Friday, October 10, 2014
Room 3150, College of Liberal Arts, Towson University, 8000 York Rd, Towson, MD
Free and open to the public
See details: http://events.towson.edu/event/geopoetics#.U8xUOHTD_IU
Geopoetics: Poetry in Geography and the Place of Poetry
Geography, literally meaning “description/writing of the Earth”, and the art of poetry, are both brought together here to express the important symbolism of place. Both can be used to show how places are experienced and interpreted through metaphor, subtleties, and descriptive dexterity. There is poetry in place, and there is a place for poetry in geography. Places can evoke powerful emotions in people. And such emotions can provide innovative and compelling approaches to helping us understand the intricate layers and perspectives in geography. This multi-and-interdisciplinary discussion strives to understand the experience of place and the important intersections between geography and poetry.
John Hessler, Library of Congress, “In Parry’s Shadow: Ramblings on the Poetics of Geographic Space”
Introduction by Michael Ratcliffe (U.S. Census Bureau)
Readings by Poets:
Art by Mark Cottman
Complimentary wine and hors d’oeuvres will be served
Sponsored by the Department of Geography and Environmental Planning
John W. Hessler is a Fellow of the Royal Geographical Society and Curator of the Jay I. Kislak Collection of the Archaeology and History of the Early Americas at the Library of Congress. He is the author of over 100 articles and books and has written extensively on archaeology, cartography and the environment. His research has been featured in national media outlets like the New York Times, the Washington Post and most recently he was the subject of a profile in Discover Magazine (June, 2014). An avid mountaineer he is a regular contributor to the climbing and exploration journal Alpinist and his latest book, entitled, Columbus’ Book of Privileges, 1502: the Claiming of a New World, was published in September, 2014. Hessler is also a Lecturer in Early American Archaeology and the Environment at the Graduate School of Advanced Studies at Johns Hopkins University. You can read more about him here.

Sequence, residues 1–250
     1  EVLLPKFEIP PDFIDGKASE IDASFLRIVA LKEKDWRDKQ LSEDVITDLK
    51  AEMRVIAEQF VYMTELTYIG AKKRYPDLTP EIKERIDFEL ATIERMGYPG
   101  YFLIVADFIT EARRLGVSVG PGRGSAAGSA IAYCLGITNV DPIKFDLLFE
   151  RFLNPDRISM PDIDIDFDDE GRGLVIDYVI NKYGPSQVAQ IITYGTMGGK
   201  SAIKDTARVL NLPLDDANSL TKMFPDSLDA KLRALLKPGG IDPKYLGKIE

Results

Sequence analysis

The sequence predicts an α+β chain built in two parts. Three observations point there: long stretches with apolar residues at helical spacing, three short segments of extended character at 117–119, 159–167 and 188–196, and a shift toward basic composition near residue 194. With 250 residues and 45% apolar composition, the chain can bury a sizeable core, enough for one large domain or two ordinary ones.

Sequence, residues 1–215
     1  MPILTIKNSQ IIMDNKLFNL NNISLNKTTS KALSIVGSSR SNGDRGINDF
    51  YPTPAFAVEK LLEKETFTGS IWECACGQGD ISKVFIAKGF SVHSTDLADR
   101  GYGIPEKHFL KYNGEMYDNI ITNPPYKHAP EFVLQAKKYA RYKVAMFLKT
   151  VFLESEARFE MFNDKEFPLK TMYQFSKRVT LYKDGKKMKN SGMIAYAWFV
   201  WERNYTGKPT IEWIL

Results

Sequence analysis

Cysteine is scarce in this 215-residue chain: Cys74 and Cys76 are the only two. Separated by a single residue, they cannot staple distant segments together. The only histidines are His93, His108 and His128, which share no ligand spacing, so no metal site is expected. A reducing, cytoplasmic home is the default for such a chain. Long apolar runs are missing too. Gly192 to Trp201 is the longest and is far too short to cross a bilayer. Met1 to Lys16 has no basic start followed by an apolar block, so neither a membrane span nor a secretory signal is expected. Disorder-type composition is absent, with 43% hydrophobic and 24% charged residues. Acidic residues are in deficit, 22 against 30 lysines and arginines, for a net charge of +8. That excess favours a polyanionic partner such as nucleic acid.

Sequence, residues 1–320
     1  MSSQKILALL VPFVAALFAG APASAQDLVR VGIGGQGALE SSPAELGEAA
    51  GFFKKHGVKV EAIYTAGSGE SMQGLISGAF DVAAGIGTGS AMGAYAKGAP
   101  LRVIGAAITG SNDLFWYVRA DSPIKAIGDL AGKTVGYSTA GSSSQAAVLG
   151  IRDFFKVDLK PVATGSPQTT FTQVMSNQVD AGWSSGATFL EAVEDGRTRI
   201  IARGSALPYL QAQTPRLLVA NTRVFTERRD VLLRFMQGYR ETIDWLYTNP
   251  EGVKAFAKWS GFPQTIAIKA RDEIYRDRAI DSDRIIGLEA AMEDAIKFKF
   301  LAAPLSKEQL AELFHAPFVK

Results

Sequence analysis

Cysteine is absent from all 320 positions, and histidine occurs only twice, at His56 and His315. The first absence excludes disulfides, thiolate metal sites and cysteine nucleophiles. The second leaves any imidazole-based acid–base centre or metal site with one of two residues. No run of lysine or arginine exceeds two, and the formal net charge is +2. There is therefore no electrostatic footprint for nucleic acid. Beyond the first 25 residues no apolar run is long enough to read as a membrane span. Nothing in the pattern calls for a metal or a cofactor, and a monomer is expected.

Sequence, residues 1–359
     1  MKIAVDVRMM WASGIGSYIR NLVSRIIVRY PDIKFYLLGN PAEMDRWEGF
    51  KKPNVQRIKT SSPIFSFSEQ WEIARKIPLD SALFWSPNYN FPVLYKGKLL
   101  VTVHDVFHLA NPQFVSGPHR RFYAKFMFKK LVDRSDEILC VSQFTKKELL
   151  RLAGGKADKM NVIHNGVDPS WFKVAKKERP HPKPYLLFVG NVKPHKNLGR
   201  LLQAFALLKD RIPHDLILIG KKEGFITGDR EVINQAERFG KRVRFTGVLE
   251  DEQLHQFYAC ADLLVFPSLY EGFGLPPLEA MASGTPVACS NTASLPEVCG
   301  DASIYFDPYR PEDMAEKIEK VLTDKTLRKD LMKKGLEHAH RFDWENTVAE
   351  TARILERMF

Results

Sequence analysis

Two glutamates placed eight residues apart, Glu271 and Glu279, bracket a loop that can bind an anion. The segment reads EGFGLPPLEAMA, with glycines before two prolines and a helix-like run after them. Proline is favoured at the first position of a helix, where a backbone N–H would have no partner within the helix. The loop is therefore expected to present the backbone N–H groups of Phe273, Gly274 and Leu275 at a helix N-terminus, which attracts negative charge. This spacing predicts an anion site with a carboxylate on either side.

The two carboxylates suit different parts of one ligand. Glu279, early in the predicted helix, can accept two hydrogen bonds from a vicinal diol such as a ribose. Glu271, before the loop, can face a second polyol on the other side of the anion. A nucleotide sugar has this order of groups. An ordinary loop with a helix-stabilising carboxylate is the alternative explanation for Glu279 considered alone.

Michael Ratcliffe is an assistant division chief in the U.S. Census Bureau’s Geography Division. Throughout his career, he has worked at the intersection of the conceptual and the operational, defining boundaries for places, urban and rural areas, and metropolitan areas. Ratcliffe’s first published poem, “Jessup,” appeared in You Are Here: The Journal of Creative Geography. Since then, his poems have appeared in various print and on-line journals, including Deep South Magazine, Commonthought Magazine, Kumquat Poetry, Free State Review, and Dead Beats Literary Blog.
Shirley J. Brewer was born and raised in Rochester, New York, and moved to Maryland for careers in speech therapy and poetry. She loves to travel, but cannot fold a map. Recent poems have appeared in the Comstock Review, Little Patuxent Review, Pearl, Passager, The Cortland Review, and other journals. Her two books of poetry are A Little Breast Music, 2008, Passager Books, and After Words, 2013, Apprentice House/Loyola University.